There are some problems with the study. Fezzi has brought together an elaborate and extensive chronology and bibliography for Constant but little of this information is transmitted to the reader. Also, excepting the chapters on the speech itself, the discussion involves lots of quotations of other authors without giving the reader much guidance about the main idea of each chapter. Thankfully, the last part of the book gives the reader some conclusions.

Still, the book will delight fans of Benjamin Constant and his idea of freedom and its development from the Roman Republic, with its detailed discussion of his speech and the bibliography related to his work.


1.   The works which the author points out are Millar, F. The Crowd in Rome in the Late Republic (Michigan, 1998); Pettit, P. Il repubblicanesimo. Una teoria della libertà e del governo, a cura di M. Geuna (Milano, 2000); and Skinner, Q. Liberty before Liberalism (Cambridge, 1998). Fezzi quotes those authors to show the reader how the current writers are comparing the concept of freedom in the Roman Republic to the current political system, qualifying it as "neo-Roman liberty".
2.   About the relationship between Constant and Mme de Staël, and the influence of her on his thinking, vid. Lacretelle, P. Madame de Staël et les hommes (Paris, 1939), especially chapters 4 and 6, entitled "Benjamin Constant" and "le temps d`aimer".

1 comment:

  1. Luca Fezzi
    Università degli Studi di Padova

    Fezzi on Mataix on L. Fezzi, Il rimpianto di Roma. Res publica, libertà ‘neoromane’ e Benjamin Constant, agli inizi del terzo millennio, Firenze, Le Monnier, 2012 in Bryn Mawr Classical Review 2014.03.23


    I sincerely thank Dott. Emilia Mataix for the review of my book. However, I think it is necessary to explain why the author still considers the majority of his choices about the topic and the organization of the work itself as necessary and, in some cases, compulsory ones. It will be easier in answering three simple questions.

    1. Why the ‘model’ of republican Rome has caught the attention of contemporary political theory? (Part I ch. 1).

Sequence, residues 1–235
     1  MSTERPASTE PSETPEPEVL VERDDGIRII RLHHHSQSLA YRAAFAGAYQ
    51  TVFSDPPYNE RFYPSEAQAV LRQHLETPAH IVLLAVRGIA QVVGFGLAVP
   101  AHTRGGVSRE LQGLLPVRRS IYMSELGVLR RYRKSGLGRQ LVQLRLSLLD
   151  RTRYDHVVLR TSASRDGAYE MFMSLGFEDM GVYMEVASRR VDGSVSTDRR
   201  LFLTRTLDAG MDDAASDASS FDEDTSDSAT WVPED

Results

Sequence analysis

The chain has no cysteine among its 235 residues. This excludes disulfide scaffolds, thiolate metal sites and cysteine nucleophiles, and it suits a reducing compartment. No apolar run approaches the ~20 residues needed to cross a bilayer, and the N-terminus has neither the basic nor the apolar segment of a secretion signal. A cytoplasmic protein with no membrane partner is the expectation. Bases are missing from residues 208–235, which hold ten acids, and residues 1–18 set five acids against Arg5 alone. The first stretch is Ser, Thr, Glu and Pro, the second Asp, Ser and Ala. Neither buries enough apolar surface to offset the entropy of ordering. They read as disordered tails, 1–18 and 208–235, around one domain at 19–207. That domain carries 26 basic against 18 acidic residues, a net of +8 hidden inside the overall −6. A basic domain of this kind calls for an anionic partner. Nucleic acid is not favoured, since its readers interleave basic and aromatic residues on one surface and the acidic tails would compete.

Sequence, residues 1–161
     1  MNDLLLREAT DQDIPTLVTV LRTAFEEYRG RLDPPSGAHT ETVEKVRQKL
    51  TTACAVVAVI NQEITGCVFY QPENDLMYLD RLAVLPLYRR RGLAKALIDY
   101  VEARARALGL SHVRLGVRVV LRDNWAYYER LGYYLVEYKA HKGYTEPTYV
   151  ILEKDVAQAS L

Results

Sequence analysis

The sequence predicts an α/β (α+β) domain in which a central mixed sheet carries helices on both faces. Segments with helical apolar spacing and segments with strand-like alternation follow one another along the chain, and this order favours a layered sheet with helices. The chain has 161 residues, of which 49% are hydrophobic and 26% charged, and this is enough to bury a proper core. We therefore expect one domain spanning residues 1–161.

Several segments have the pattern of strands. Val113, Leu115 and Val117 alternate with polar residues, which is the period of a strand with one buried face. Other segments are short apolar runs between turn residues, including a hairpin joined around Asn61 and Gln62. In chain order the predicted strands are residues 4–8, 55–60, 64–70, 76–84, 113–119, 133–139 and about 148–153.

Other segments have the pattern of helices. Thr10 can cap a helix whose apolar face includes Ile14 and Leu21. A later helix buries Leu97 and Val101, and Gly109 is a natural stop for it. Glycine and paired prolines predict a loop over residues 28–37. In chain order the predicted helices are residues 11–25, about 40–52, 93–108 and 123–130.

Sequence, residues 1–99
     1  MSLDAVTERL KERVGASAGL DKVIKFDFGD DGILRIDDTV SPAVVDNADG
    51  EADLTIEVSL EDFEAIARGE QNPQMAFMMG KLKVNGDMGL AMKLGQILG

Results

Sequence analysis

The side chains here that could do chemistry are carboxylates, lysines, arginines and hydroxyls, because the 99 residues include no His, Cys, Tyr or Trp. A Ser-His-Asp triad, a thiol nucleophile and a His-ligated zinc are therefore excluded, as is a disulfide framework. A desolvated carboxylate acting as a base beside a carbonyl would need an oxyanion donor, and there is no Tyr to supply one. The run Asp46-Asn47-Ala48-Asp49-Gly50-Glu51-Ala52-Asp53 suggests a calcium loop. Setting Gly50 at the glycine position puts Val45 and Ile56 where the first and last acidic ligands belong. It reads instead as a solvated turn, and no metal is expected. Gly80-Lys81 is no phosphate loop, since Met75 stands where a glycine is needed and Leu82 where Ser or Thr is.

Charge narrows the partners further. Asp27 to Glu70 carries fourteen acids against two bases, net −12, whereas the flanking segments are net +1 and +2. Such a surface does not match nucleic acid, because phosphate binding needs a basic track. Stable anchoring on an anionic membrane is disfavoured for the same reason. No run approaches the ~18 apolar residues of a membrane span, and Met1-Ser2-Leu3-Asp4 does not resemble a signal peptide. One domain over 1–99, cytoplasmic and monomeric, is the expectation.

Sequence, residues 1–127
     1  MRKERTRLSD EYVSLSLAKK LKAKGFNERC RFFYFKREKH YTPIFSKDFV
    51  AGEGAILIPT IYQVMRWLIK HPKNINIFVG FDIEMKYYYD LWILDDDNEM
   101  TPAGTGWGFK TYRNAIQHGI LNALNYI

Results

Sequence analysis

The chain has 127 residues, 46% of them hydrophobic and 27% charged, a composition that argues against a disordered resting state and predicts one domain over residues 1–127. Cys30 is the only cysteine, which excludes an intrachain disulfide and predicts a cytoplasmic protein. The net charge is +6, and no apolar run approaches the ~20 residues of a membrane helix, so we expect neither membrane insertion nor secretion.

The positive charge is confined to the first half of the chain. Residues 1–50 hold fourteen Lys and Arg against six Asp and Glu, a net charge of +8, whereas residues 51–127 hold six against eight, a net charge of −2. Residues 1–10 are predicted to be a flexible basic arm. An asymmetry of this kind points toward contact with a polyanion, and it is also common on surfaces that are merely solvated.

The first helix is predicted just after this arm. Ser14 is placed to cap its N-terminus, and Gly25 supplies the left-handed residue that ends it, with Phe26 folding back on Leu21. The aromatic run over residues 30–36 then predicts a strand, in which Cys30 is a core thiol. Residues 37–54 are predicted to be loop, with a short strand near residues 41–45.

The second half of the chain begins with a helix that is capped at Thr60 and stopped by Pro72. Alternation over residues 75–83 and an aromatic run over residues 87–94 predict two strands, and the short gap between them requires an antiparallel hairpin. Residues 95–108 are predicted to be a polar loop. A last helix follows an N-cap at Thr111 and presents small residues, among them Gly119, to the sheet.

For decades, the increasing crisis of categories like ‘State’ and ‘democracy’ recovered ‘antiquity’ as an element of reflection, and this took place at different levels. The historian, feeling an increasingly strong need to understand the actual role of the citizen, tends to focus on the study of Rome’s decision-making mechanisms. The law scholar, particularly sensitive to the nature and the significance of the institutions themselves, wonders about their greater or lesser proximity to republican Rome and about whether or not to establish comparisons. The political theorist, finally, reflects in the first instance on acquisitions of ancient thought, considering both the permanence and the opportunity to recover some ancient value. At the end of the second millennium, Fergus Millar (1998), Quentin Skinner (1998) and Philip Pettit (1997), from very different areas (ancient history, history of modern thought and political theory, respectively), proposed new but converging paradigms about the ‘Roman model’.

    2. Why is our focus on Quentin Skinner’s ‘neo-Roman theory of free States’? (Part I ch. 2).

    Far from taking position, we considered particularly important to emphasize its role in the debate, mainly by virtue of its character of ‘innovation in tradition’. A ‘third’ kind of freedom is today regarded as the key to understand the conflict between ‘liberal’ and ‘democrat’ theories, a conflict widely deepened by Isaiah Berlin’s reading of Benjamin Constant’s Discours (1819). Berlin’s reading, composed in the climate of the Cold War (1958), risked to separate ‘freedom’ from ‘democracy’, emphasizing the difference between modernity and antiquity.

    4. Why do we focus on Constant?

    One of the key elements in common with the works of Millar, Skinner and Pettit is a criticism about Constant’s Discours, or better, on Berlin’s reading of the latter; also, Constant scholars, in fact, tend nowadays to mitigate it (part I ch. 5). Undeniable, however, is the influence of Constant’s theses. From 1819 onwards, they totally challenged, at least in the ‘liberal’ area, the ‘wisdom of the ancients’, and, in particular, the Roman republican ‘model’, which instead, as masterfully reconstructed by Skinner, influenced for centuries generations of political thinkers (part I ch. 4). The treatment of this aspect, in part I of the book, needed several quotations of works of several authors. We also tried to show, with another long series of quotations, how many previous authors inspired Constant. Another long series of quotations tried to show, in the meantime, how later and the most important authors, especially Hegel and Marx, attacked, like Constant but in a different way, the political use of ancient ‘models’ (part I ch. 6). This had a great impact on the consequent political thought and, of course, on the study of Antiquity, as another long series of quotations tries to explain (part I ch. 4).